Power View and Marine Rescue on SP24

I will be presenting a session at SP24 on Power View using Marine Rescue Data.

https://www.sp24conf.com/2014-1/Conf/SP24S026/ConfPages/SessionRoom.aspx

The presentation is available here

Hope to see you online.

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Office 365 at Marine Rescue Queensland

Read more about how Marine Rescue are using Office 365 to share documents and training materials to improve safety across Queensland – http://www.obs.com.au/AboutUs/Hot-Topics/Pages/Can-Office-365-Assist-Marine-Rescue-Queensland.aspx

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Content Types and Hidden Columns

When working with list or libraries, it is often a requirement to have a column that can be set automatically, perhaps by a workflow, but which you do not want users to be able to manually change. When creating a content type, each site column can be set to Required, Optional or Hidden. This can be set at the content type level or at the library level.

If the site column is left as Optional and then the content type is added to the library, the column is correctly added to the library and can be used as required and set to Hidden through the content type within the library settings. This ensures it does not appear in forms so applies a degree of protection against users changing it manually.

If this content type is added to one or more lists or libraries and then the site column is set to hidden at the content type level then this setting will be inherited by all the lists or libraries using that content type.

However, if the site column is set to hidden at the content type level before the content type is added to the library then this is where a problem arises. The column is not visible from the list settings, nor in the content types in the list settings. It is not available in views nor in filters nor sorts. However, if you try to add the site column manually then you will find it is not available to be added – because it has actually been added already as part of the content type.

A logical thought at this point would be to go back to the content type level and change the site column to Optional or Required. Sadly changing this does not seem to be inherited by the list.

My response at this stage was to resort to PowerShell – because that can do anything right?

$web = Get-SPWeb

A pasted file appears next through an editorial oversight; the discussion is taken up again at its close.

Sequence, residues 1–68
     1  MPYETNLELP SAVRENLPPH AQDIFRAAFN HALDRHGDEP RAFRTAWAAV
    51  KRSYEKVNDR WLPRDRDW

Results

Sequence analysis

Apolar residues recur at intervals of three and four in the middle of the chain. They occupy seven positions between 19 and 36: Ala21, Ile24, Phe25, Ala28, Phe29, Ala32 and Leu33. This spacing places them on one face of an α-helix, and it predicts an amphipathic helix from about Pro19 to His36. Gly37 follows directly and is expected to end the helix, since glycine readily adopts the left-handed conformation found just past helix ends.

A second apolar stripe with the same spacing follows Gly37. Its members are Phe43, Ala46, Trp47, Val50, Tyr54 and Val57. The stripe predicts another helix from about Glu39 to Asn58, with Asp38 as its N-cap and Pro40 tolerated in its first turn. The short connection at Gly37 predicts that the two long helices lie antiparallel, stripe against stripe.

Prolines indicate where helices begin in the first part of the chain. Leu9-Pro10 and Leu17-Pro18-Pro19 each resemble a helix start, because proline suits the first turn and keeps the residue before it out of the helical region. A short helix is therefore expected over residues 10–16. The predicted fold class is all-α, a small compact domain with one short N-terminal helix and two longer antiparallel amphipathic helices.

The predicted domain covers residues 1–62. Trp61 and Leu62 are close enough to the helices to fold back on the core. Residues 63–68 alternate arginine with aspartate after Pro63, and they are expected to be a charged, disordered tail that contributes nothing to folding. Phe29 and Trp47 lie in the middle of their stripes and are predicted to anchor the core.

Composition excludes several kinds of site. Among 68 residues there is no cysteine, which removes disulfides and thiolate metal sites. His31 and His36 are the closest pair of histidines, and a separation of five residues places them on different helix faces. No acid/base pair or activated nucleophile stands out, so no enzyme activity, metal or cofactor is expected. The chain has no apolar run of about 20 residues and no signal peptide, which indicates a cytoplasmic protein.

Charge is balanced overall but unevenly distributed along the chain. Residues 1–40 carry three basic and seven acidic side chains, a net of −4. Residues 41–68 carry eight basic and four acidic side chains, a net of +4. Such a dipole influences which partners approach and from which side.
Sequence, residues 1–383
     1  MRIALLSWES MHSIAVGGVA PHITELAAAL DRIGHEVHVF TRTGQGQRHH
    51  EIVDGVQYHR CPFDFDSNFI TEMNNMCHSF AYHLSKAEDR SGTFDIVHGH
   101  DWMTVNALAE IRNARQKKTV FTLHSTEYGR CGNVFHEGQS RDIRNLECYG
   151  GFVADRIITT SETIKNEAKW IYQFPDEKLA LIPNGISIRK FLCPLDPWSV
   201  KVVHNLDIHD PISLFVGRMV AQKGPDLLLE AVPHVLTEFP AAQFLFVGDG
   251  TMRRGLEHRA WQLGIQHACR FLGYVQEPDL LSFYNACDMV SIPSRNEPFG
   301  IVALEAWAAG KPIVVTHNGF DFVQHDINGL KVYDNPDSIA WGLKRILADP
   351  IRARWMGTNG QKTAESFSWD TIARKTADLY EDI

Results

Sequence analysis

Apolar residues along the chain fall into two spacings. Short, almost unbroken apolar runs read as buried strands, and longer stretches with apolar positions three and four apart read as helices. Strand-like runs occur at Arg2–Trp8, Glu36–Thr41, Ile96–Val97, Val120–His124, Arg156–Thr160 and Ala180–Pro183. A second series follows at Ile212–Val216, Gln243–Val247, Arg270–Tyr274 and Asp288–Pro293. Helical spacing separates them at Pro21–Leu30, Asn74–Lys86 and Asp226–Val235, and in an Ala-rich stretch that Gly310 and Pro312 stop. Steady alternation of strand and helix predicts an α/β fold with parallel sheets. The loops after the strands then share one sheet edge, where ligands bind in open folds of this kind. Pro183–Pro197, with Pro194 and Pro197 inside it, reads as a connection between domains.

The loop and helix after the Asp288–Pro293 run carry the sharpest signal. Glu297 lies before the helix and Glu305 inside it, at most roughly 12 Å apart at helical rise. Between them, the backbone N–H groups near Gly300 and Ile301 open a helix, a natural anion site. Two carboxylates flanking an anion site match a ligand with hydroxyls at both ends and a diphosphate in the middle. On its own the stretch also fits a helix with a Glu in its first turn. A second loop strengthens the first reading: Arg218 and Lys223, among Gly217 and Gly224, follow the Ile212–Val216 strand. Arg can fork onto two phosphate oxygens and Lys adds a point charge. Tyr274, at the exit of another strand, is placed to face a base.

$list = $web.Lists["List Name"]
$col = $list.Fields["Column Name"]
$col.Hidden

This will show True – so our problem is that the column has been added as hidden. You may think this is what we wanted but in fact the problem is that the column is hidden at the list level rather than at the content type level.

The easy option seemed to be:
$col.Hidden = $false

Sadly this fails as it is not allowed.

Another thought was to try changing the content type within the list through PowerShell:

$ct = $list.ContentTypes["Content Type Name"]
$field = $ct.FieldLinks["Column Name"]
$field.Hidden = $false

This succeeds – but sadly makes no difference.

So what about deleting the offending column?

$col.Delete()

Nope – this fails too as you cannot delete a column which is hidden – but you cannot unhide it . . .

So we now have a column in our list that we cannot use as we want to and we cannot even delete using PowerShell – or can we?

After a bit of fiddling and some suggestions from Microsoft we finally found a way to get rid of the column:

$col.AllowDeletion = $true
$col.Sealed = $false
$col.Delete()
$list.Update()

Phew! Note that even though the column will say Sealed is False, you must set it to false as above – no idea why so if you have suggestions please let me know.

Microsoft has managed to reproduce this and is deciding whether or not it is a bug – I will keep you informed.

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Granular Permissions on SharePoint Libraries

In most circumstances the standard “Contribute” permission level hits the spot. It allows users to add new documents, edit existing ones and delete any no longer needed.

However, there are times when you may need something else. Perhaps you do not want users to be able to delete documents?

In SharePoint it is easy enough to create new permissions levels – I usually copy the Contribute and then delete the options I no longer want. CRUD is the acronym often associated with permission levels:

C = Create
R = Read
U = Update
D = Delete

Read will always be granted for one of the other levels so I generally just go for Create, Delete and Edit – edit being a more SharePoint consistent term than update.

All good so far, but what happens when you apply these different levels on a library?